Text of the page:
'The best site-specific theatre interacts with its chosen space; the worst merely plonks an indifferent staging in an intriguing spot and assumes that’s enough. This effort, unfortunately, tends towards the latter.'

'Restless spirits may stalk these cells; but visitors to this production will depart
disappointingly untroubled.
'

DRUNKEN NIGHTMARE: Advice from Councillor Allan

Councillor Allan has posted on the Clerkenwell Liberal Democrat's blog talking of the license that has been granted to the House of Detention.

Cllr Allan's advice for local residents follows:

If anyone in the area experienced any serious problems during the Macbeth run, please try to notify them immediately to the management of the event, at the premises. If they concern music noise, contact the Noise Patrol via Contact Islington (020 7527 2000) and if they concern public order or otherwise merit immediate police intervention, dial 999.


We will be inviting the Councillor to a performance of Macbeth to witness for himself the nature of the event. Perhaps then he will put this nonsense to rest.

Monday, 18 April 2011

'NOSE-PAINTING, SLEEP, and URINE'

Residents fear NOSE-PAINTING, SLEEP, and URINE as Islington Council allows House of Detention to sell alcohol

Picture: OUTRAGE & FEAR: Sans Walk residents Betty Landers, Eileen Dear and Trudy Penk with Cllr Andrews and Cllr Allan who fear the License to sell alcohol at the performances of Macbeth will result in a “drunken nightmare”.

Residents, acording to an article for the Islington Tribune by Peter Gruner, not only fear nose-painting and urine but also sleep... outstanding journalism Mr Gruner.

Local Councellor, Liberal Democrat George Allan said that granting the alcohol licence could ruin the quality of life for residents in the area. After the hearing held by Islington Licensing Committee on Monday 11th, Cllr Allan said he was disappointed the licence had been granted.


What a shame.



Full article available here.



Friday, 8 April 2011

Revloutionary 3D Scans of Our Venue - The House of Detention



This is groundbreaking technology that has never been used for this purpose.

Allows you to travel through spaces in an entirely new way.

Scan and Film made in association with SCAN LAB

This is what the makers say:

ScanLAB is an ongoing series of experimental projects investigating the use of 3D laser scanning in architecture. 3D scanning is an emerging architectural discourse and a potent tool for design and fabrication.

We explore 3D scanning at all scales, from intricately detailed object to vast cityscapes. The technologies employed range from desktop self‐assemblages to state of the art LiDAR based surveying tools. Our investigations lead us to produce images, animations and artefacts.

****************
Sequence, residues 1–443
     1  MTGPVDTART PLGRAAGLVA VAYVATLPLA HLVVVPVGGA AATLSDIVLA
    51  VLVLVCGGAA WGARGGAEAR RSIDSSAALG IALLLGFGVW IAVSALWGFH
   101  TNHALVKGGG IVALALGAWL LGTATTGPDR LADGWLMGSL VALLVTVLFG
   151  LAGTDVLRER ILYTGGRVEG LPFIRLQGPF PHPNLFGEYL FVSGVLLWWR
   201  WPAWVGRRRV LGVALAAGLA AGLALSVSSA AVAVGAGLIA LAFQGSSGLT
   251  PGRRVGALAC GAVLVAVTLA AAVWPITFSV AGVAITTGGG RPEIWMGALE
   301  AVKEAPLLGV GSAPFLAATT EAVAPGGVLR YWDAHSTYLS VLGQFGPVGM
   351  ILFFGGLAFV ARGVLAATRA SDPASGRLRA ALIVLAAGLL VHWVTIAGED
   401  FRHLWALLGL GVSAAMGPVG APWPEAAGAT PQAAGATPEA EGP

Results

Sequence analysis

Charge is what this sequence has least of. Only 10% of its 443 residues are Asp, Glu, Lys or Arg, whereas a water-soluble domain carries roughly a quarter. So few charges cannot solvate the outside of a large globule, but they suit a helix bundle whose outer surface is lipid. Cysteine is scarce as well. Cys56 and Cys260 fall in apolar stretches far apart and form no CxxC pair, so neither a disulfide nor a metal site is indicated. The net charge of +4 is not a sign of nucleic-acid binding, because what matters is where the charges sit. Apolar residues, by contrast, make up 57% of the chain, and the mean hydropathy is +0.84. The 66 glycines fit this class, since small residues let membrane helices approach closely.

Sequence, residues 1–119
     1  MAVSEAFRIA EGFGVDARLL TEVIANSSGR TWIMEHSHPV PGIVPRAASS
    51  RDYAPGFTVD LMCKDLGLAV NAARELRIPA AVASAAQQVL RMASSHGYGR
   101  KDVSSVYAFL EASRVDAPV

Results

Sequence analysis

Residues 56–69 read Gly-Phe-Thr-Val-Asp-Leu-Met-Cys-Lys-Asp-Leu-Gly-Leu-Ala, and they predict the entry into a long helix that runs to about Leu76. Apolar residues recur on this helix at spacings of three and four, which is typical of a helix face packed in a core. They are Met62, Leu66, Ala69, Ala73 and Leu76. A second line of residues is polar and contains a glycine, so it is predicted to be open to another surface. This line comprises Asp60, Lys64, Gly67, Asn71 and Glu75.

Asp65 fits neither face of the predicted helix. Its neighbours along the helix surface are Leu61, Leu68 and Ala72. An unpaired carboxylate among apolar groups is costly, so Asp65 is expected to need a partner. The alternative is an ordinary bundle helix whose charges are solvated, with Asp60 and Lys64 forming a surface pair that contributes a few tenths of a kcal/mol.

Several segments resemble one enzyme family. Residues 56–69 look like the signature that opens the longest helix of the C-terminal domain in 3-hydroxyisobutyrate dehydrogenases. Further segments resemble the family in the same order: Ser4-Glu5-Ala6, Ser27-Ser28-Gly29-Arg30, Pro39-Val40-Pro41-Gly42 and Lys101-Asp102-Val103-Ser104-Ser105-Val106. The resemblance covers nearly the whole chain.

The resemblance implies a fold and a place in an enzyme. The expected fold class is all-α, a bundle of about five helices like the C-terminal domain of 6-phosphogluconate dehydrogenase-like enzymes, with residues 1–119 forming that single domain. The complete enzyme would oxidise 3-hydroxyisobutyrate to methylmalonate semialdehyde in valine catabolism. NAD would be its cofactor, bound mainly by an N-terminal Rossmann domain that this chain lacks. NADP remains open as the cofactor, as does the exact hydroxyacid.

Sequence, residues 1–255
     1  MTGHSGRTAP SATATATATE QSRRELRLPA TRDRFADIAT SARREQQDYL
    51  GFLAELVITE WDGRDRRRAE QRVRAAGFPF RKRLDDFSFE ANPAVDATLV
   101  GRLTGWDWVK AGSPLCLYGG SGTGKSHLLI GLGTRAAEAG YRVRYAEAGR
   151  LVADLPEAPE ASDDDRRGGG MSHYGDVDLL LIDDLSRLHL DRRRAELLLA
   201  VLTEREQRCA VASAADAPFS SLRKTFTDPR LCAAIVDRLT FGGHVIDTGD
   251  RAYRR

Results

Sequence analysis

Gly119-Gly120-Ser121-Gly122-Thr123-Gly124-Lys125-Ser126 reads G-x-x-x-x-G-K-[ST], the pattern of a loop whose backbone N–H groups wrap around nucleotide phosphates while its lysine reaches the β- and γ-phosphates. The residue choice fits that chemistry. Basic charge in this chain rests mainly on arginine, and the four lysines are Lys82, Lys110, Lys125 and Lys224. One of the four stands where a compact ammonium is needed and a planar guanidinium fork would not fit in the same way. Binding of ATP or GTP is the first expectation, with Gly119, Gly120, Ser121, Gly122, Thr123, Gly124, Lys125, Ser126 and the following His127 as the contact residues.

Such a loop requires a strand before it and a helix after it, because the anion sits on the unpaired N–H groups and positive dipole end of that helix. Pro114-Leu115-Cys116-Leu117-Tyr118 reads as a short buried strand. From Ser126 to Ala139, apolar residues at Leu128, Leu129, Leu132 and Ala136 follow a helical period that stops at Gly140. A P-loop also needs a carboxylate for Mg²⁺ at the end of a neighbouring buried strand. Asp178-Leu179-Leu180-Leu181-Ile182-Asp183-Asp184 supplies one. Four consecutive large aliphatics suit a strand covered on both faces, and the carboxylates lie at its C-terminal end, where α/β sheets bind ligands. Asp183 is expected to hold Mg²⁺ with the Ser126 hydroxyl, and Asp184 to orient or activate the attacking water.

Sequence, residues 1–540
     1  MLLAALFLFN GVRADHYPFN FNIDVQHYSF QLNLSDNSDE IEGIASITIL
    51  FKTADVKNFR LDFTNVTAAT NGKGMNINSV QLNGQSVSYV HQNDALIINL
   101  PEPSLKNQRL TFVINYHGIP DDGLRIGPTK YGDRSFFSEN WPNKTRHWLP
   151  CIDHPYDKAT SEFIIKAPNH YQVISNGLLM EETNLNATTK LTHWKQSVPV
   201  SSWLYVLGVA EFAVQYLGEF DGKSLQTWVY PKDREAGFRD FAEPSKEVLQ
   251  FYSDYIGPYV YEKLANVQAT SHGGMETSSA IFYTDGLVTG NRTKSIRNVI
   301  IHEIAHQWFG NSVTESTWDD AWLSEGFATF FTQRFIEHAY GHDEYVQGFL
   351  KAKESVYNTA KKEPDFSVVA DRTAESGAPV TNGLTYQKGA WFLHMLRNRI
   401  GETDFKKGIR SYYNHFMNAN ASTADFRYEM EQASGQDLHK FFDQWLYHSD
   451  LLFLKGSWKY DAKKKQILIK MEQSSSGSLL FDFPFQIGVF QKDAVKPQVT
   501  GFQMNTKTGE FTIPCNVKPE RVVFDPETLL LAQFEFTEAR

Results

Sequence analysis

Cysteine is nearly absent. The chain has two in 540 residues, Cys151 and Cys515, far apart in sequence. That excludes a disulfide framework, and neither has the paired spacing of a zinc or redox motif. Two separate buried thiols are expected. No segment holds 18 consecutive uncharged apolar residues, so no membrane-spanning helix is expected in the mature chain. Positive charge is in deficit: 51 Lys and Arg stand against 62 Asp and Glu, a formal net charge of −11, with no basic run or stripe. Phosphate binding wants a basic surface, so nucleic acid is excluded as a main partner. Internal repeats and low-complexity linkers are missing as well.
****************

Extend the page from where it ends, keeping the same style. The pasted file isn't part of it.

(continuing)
ScanLAB is run by Matthew Shaw and William Trossell.


For more information please contact studio@scanlabprojects.com

Saturday, 2 April 2011

New Discovery In Space


This is, I hope, the first instalment of what will be an exciting and uncertain journey in to and through our new production of Macbeth.

We are performing in London at the House Of Dentention in Clerkenwell; part of an old underground prison system dating from around the 1700’s. We had our first proper day of rehearsals today and to be perfectly honest it took me places I had never expected to go.

I am afraid of the dark; I always have been ever since I was a child. I used to be terrified that things were hiding under my bed or on the windowsill behind my curtains. Although I have grown up since then I occasionally get reminded that these old childhood fears still linger at the back of my mind and imagination. So the prospect of being faced with an allegedly haunted prison system admittedly left me a little weak at the knees. It was, though, important for us all to understand the space so that we could use it best for the show.

Now we have done a reasonable amount of site specific and site responsive work before. Sometimes we build our spaces and sometimes we use spaces that we have found. I feel quite used to and quite comfortable with this process. We are quite used to getting to know spaces, to feel an ownership over them and learning how to use them for our shows. But this space felt different. And it is different, everything about it is different.

Ordinarily we give a space its atmosphere; we impose a theatricality upon it. Either we build a space or we create a context for the space. But this time we are dealing with something very different. The House of Detention has been used as a prison, as a work house, as an air raid shelter, as a prisoner of war camp: It has so much history behind it, so much history hidden in and around it. It’s hard to describe how this feels as someone who is about to make a show in there but I think we all felt the same today.

We decided that we should spend some time in the space with no motive other than to get to know it. It’s a little labyrinthine and it’s little disconcerting and we needed to get over this, we needed to feel comfortable there. So we thought we’d take the bull by the horns and just spend time in their, simple. I think secretly we were all expecting to use this time to get over our childhood and spookish fears. We wanted to feel a sense of ownership and a sense of control. But for me I had a very different and unexpected experience.